1. Only permanent notes (as an noun phrase) go in the slip box; and
    2. Literature notes are essentially citations, they are named (misleadingly) after the cards Luhmann used, they might have notes attached (Zotero, the reference manager of choice for Ahrens, supports attaching notes to citations); they never end up in the slip box and only go into the reference manager.
    Post edited by ZettelDistraction on

    Erdős #2. ZK software components. “If you’re thinking without writing, you only think you’re thinking.” -- Leslie Lamport. Replies delayed, sometimes indefinitely since Life is short.

  • @zk_1000 said:
    Perhaps it could be helpful to think in terms of phases instead of categories? It seems that a note can change phases, and sometimes reach a state of metastability before stabilizing.

    "Danger Will Robinson!" pun ahead!

    Bingo, every note goes through phases, and in some sense, a zettel should never settle into a static persona. In a prior post, I called them The Official Luhmann Certified 100 Note Categories, but they could have easily been called note phases or note persona.

    Will Simpson
    “Read Poetry, Listen to Good Music, and Get Exercise”
    kestrelcreek.com

  • Ahrens mentions the two slip-boxes only once, referring to Luhmann's system. For the rest of the book, 'slip-box' refers to the main slip-box and 'reference system' to the bibliographical slip-box.

    The differences between literature notes and permanent notes are described in detail, but there are, in fact, two Zettelkasten at work. Ahrens even suggests the use of fleeting literature notes as an extension, which further shows the similarity between both Zettelkästen. Literature notes are permanently stored.

    my first Zettel uid: 202008120915

  • edited February 2

    @taurusnoises said:
    Group 1 believes lit notes are incremental, between fleeting and perm notes, on their way to becoming perm notes. Group 2 believes they are perm notes in and of themselves.

    literature notes and permanent notes are stored unter two separate locations. They must be physically separated and they are not moved from one place to the other.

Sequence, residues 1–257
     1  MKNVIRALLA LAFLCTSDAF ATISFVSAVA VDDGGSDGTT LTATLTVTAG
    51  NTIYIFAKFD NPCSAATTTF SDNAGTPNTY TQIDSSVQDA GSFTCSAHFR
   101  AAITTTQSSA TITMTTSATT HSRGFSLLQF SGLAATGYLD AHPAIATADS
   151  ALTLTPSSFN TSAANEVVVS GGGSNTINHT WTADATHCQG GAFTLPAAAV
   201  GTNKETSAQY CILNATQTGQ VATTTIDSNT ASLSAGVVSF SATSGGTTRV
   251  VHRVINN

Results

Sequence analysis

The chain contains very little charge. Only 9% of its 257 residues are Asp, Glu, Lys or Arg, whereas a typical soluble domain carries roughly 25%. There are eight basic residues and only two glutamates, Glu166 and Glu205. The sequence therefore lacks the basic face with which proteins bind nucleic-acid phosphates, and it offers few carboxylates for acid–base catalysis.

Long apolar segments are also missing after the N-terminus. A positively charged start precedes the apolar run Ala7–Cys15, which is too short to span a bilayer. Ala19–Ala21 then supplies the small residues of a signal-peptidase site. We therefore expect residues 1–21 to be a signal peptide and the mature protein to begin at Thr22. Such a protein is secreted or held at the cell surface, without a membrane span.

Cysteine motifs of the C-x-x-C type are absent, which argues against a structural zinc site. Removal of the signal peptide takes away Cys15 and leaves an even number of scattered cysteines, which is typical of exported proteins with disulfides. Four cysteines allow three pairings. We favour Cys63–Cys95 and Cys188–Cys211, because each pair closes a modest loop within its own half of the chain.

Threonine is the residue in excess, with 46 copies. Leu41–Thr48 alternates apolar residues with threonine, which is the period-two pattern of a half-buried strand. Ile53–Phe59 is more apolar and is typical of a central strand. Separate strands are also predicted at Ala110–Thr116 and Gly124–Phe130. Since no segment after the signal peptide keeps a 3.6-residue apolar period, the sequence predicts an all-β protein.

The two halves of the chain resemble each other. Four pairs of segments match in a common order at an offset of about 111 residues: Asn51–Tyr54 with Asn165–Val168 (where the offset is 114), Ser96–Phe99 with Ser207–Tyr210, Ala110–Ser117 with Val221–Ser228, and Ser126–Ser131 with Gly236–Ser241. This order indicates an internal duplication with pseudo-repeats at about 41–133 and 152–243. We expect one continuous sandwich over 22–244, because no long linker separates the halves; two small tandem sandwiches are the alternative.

my first Zettel uid: 202008120915

  • @ZettelDistraction said:
    Do you have a page reference for where literature notes turn into permanent notes?

    This is mentioned in chapter 8: "Let the Work Carry You Forward" when he is referring to step 2 of the workflow.

    my first Zettel uid: 202008120915

  • edited February 2

    @zk_1000 "literature notes and permanent notes are stored unter two separate locations. They must be physically separated and they are not moved from one place to the other."

    Perhaps, but this not at all the concensus out there, regardless of where it comes from. 🎶 "Times they are a chaaaanging." There are at least three distinct ways of understanding the definition and function of lit notes that I come across. And, people are employing along these different lines, as well. Or so they say.

    Personally, I don't even use the term or have use for such a note.

  • @zk_1000 said:
    Ahrens mentions the two slip-boxes only once, referring to Luhmann's system. For the rest of the book, 'slip-box' refers to the main slip-box and 'reference system' to the bibliographical slip-box.

    The differences between literature notes and permanent notes are described in detail, but there are, in fact, two Zettelkasten at work. Ahrens even suggests the use of fleeting literature notes as an extension, which further shows the similarity between both Zettelkästen. Literature notes are permanently stored.

    Where is the disagreement? I call the Zettelkasten the entire system, including the slip-box or its analog, the reference manager, and the notebook and pen for fleeting notes. I don't see a substantive disagreement.

    Erdős #2. ZK software components. “If you’re thinking without writing, you only think you’re thinking.” -- Leslie Lamport. Replies delayed, sometimes indefinitely since Life is short.

  • edited February 2

    @zk_1000 said:

    @ZettelDistraction said:
    Do you have a page reference for where literature notes turn into permanent notes?

    This is mentioned in chapter 8: "Let the Work Carry You Forward" when he is referring to step 2 of the workflow.

    The quote you probably mean is, on page 54

    If we try to fool ourselves here and write down incomprehensible words, we will detect it in the next step when we try to turn our literature notes into permanent notes and try to connect them with others.

    Ahrens, Sönke. How to Take Smart Notes: One Simple Technique to Boost Writing, Learning and Thinking – for Students, Academics and Nonfiction Book Writers (p. 54).

    Going back to definitions on page 42:

    I concede!

    Literature notes are a subclass of "permanent notes", but there is no term for a permanent note that goes into the slip-box. Logically, the notes that go into the slip box are permanent "non-literature" notes.